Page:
|Monday, May 17 2010 07:08|
Genus/species: Oenococcus oeni (Leuconostoc oenos)
ellipsoidal to spherical cocci, often in pairs or chains
Colonies develop after a few days. They are typically less than 1mm in diameter, smooth, round and greyish white. Colony growth is optimal at 20 to 30ºC on a sugar and protein rich medium that contains tomato juice substrate or grape juice.
O. oeni ferments sugars using both the hexose-monophosphate and phosphoketolase pathways using the enzymes Glucose-6-phosphate and xylulose-5-phosphoketolase to from D(-)-lactic acid, CO2 and ethanol in equal amounts when metabolising D-glucose. O.oeni can convert pentose phosphate to acetic acid in an oxygen dependant reaction which requires NADP. It cannot metabolize polysaccharides and alcohols.
O.oeni can decarboxylate L-malate to L(+)-lactate, but cannot use it as a sole source of carbon. It requires the amino acids Glutamic acid, valine, guanine, adenine, xanthine, uracil, riboflavin, folic acid, nicotinic acid, thiamine, biotine and pantothenic acid. There is some variation of amino acid requirement between strains.
Found in musts and wines and fruit mashes
Heterofermentative, growth in acid media below pH 3.0, ethanol tolerant at 10%, requirement for tomato juice growth factor, lack NAD-dependent glucose-6-phosphate dehydrogenase, only produce D-lactic acid. They can be separated from Leuconostoc species baceause they use saccharose, lactose and maltose as a substrate.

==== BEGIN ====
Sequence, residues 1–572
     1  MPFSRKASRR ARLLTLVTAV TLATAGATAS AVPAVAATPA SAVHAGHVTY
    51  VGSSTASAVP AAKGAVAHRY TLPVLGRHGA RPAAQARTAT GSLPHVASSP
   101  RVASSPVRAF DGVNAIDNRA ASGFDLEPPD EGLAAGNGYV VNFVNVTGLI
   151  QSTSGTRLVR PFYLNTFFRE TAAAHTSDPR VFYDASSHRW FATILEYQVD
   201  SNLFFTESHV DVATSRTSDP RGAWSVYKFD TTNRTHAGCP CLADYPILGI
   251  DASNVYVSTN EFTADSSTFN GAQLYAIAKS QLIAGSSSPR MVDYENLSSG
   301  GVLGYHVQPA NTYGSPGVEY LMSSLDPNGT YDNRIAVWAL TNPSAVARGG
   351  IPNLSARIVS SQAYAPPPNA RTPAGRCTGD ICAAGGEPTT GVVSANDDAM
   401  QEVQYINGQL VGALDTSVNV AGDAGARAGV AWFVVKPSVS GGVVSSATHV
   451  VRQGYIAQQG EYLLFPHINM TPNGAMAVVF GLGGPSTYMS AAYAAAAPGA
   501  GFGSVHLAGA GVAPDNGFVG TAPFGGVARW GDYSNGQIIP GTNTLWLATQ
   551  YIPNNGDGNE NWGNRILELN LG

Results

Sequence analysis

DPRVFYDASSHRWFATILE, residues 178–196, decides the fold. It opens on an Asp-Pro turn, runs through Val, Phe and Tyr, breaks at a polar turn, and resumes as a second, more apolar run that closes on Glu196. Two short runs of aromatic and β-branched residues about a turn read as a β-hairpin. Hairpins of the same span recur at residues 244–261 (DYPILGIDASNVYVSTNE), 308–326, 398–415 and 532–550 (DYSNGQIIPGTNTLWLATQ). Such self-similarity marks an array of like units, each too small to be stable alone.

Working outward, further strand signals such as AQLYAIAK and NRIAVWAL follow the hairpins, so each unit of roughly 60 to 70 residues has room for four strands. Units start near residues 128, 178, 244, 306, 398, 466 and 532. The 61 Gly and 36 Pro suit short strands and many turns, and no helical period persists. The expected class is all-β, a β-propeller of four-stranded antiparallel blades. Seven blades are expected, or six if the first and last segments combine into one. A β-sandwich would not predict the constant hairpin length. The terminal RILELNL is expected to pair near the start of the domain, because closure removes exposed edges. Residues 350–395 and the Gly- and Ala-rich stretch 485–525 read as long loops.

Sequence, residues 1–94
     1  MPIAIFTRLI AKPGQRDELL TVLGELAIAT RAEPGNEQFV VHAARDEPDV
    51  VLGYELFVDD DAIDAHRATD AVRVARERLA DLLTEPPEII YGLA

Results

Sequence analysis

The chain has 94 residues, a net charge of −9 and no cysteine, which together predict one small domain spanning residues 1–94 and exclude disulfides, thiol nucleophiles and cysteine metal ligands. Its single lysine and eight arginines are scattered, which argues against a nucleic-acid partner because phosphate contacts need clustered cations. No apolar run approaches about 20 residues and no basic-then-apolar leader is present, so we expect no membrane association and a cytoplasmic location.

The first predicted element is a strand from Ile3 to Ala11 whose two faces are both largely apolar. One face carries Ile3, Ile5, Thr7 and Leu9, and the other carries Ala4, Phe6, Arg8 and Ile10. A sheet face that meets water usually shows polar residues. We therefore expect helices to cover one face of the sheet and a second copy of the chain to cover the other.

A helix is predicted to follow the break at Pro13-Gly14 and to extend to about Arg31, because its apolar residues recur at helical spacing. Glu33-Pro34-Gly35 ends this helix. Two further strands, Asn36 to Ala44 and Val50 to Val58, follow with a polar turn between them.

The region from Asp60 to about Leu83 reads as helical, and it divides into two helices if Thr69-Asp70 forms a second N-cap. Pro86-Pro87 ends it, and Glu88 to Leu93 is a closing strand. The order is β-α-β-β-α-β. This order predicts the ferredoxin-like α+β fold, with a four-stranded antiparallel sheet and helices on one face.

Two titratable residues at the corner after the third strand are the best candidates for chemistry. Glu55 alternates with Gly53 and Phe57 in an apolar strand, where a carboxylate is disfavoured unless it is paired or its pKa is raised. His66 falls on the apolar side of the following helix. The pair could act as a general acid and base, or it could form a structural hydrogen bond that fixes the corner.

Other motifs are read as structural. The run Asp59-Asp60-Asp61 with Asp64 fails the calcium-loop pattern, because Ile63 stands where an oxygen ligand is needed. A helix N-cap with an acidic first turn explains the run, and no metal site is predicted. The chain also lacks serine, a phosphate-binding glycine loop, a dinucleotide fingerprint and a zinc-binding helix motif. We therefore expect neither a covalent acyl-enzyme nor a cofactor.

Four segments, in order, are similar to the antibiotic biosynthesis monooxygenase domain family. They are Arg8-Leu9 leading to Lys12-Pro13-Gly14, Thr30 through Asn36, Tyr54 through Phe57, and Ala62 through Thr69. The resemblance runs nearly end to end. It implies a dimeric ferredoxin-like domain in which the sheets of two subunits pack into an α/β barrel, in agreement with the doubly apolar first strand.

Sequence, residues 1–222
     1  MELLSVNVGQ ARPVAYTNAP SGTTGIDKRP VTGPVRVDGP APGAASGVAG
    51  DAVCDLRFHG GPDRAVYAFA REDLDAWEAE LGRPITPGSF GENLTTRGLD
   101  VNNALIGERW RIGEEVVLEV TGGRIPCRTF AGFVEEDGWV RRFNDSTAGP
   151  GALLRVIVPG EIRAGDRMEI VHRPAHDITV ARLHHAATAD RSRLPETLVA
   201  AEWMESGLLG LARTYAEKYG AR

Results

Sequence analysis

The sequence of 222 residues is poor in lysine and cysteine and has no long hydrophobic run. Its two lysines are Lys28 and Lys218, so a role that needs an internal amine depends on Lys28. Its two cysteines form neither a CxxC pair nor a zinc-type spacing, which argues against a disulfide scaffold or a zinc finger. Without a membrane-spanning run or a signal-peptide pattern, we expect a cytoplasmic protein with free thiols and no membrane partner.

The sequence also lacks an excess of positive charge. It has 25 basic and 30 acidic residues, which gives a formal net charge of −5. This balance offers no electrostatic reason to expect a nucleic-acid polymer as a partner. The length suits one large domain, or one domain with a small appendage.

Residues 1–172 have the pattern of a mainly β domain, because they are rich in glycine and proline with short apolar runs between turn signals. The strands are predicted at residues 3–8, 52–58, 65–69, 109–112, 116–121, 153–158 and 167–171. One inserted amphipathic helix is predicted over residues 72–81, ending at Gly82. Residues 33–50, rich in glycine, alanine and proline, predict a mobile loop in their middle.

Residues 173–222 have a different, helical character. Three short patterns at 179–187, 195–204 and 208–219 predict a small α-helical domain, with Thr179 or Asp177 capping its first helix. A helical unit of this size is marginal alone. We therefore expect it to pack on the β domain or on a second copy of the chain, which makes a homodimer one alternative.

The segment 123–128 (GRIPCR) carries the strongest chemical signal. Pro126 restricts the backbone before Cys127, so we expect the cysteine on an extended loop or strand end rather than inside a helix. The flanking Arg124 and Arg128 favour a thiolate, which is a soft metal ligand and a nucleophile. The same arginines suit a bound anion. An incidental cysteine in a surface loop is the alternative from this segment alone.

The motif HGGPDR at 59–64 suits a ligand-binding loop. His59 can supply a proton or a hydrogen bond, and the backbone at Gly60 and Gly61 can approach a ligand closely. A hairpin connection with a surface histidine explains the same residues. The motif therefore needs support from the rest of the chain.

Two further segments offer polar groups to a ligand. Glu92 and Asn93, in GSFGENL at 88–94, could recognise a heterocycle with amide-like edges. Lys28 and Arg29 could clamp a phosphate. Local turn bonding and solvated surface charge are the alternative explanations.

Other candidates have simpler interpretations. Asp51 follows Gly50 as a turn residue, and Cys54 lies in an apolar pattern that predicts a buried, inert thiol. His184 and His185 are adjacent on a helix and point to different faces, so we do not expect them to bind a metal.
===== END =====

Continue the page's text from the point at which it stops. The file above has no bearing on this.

Role in wine:
Part of the normal grape and fermentation flora in wine. Desired for malolactic fermentation at low pH.
Boulton, R.B., Singleton, V.L., Bisson, L.F., Kunkee, R.E. Principles and Practices in Winemaking. Springer Science. 1999.
Dicks, L. M., F. Dellaglio, and M. D. Collins. 1995. Proposal to reclassify Leuconostoc oenos as Oenococcus oeni [corrig.] gen. nov., comb. nov. International Journal of Systematic Bacteriology 45:395-7.
Dicks, L.M., Endo, A. Taxonomic Status of Lactic Acis Bacteris in Wine and Key Characteristics to Differentiate Species. Depatment of Microbiology, Stellenbosch University, 2009.
Sarah Harper. 2010 UC Davis VEN128 Wine MicrobiologySubmittal